How fast can you think on your feet? Can you walk and chew gum at the same time? Can you turn on a dime? Change horses in midstream?
The ability to make informed decisions in crisis mode is a key tool for survival. And yet, for some people, their natural instinct is to do something monumentally self destructive, something that will only make the immediate crisis worse (just ask Anthony Weiner).
Three new films screened at Frameline's recent San Francisco International LGBT Film Festival depict gay men and women who must not only learn how to think on their feet, but depend on their feet to run on auto pilot in an emergency. Each requires a substantial amount of fancy footwork to navigate a crisis.
Anyone who enjoys watching So You Think You Can Dance will want to keep their eyes out for a new movie entitled Leading Ladies. Not only does it feature ballroom dancing stars/choreographers Benji Schwimmer and Melanie LaPatin (who often seems like she's channeling Patti Lupone's radioactive evil twin), it features one of the most godawful stage mothers since Ethel Merman first brought Rose Hovick to life in Gypsy! A Musical Fable.
LaPatin plays Sheri Campari, a former ballroom dancing star who has turned into an irrational harridan, the kind of monster who makes a normal woman's most hyperemotional menstrual cycle look like a joyride. Her oldest daughter, Toni (Laurel Vail), is as much a tomboy as Louise before her transformation into Gypsy Rose Lee. Quieter by nature, Toni has always disappeared into the background while Sheri focused her attention on grooming her youngest daughter, Tasi (Shannon Lea Smith), to become a ballroom dancing star.
And you thought JonBenét Ramsey had it tough?
The only male figure to enter this estrogen-laden household is Cedric (Benji Schwimmer), a gay dance partner who knows how to put up with Sheri's shit, Tasi's tantrums, and Toni's reluctance to do anything that could possibly draw attention to herself.
As writer/director Erika Randall Beahm explains:
"I was watching Season 2 of So You Think You Can Dance with my best friend and assistant choreographer, Teena Marie, around the time that Jen and I were just starting the screenplay. I pointed to the screen and said, 'That's our Cedric.' Having grown up in dance, much of my life has been shaped and supported by gay men. These men have been the fathers, brothers, and partners I have needed throughout the joyful and painful sagas of my life. Like the women in the Campari family, I don't know what I would do without my 'Cedrics.'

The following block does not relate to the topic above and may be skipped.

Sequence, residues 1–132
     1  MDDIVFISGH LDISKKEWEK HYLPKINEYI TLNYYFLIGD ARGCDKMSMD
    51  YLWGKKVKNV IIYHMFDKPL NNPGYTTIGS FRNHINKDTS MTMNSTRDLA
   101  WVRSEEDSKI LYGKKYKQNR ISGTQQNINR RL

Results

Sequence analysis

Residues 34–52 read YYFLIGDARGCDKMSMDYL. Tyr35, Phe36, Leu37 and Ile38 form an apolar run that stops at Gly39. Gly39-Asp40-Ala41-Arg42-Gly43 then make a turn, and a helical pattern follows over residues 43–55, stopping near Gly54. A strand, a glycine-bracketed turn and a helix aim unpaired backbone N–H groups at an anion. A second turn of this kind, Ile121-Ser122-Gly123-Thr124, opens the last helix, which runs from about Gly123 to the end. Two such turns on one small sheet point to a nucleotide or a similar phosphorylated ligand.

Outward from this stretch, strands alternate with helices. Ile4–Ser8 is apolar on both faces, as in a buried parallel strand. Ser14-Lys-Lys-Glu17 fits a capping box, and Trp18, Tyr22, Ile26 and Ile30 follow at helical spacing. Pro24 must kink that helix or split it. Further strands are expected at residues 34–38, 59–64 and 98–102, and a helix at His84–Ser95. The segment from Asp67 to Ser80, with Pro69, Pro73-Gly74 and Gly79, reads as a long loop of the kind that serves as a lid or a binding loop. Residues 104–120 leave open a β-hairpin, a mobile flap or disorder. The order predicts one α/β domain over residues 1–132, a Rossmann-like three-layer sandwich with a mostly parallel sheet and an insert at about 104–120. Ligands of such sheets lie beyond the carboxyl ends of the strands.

In writing, directing, and dressing Cedric, the goal was to create a central stable male character who 'just happens to be' gay. Veering away from the often one-dimensional representations of the 'gay sidekick,' we wanted to show Cedric's range. By dancing both lead and follow (as only Benji Schwimmer can do), dressing impeccably but not self-consciously, and supporting his friends and 'family' with laughter through the tears, Cedric is the one constant male figure in the life of all the Campari women. With witty oneliners, Cedric infuriates Sheri, challenges Tasi's tantrums, and draws Toni out into the limelight of her own life."
When Toni meets a pretty young lesbian named Mona Saunders (Nicole Dionne), for the first time in her life she wants something and/or someone for herself. Unaccustomed to thinking that she is entitled to any happiness in life, she is about to blurt out her secret when Tasi has an emotional meltdown after discovering that she is pregnant with twins.
There goes Tasi's dancing career -- at the very moment she was scheduled to compete. But how can the girls cope with their narcissistic mother (who thinks that Cedric must be the father of Tasi's twins, even if he's obviously gay)?
Part of the solution comes from Mona, who has been pressuring Toni to introduce her to the rest of the crazy Campari family. Although Sheri and Cedric are initially shocked at the idea of their mousey Toni (who works as a waitress in an Italian restaurant) getting done up in spangles and glitter, the contest judge who is foolish enough to cross the Campari tribe unleashes a fury of familial defiance.
As Beahm explains:
"The day I met my writing partner, Jennifer Bechtel, she randomly asked me what I knew about lesbian ballroom dance and said she wanted to make a queer/family-friendly dance movie that was PG-13 (she had been trying to host a film event for high school GLBT kids and there were no PG-13 films out there in that genre). I told her that I didn't know anything about lesbian ballroom dance, but knew about the lesbian/same-sex swing scene (thanks to the Century Ballroom in Seattle) and would love to partner with her on the idea. We then took the meta narrative of my life (I'm bisexual, my sister got pregnant at 20, and we were raised by a larger-than-life single mother) and infused it with our creative juices."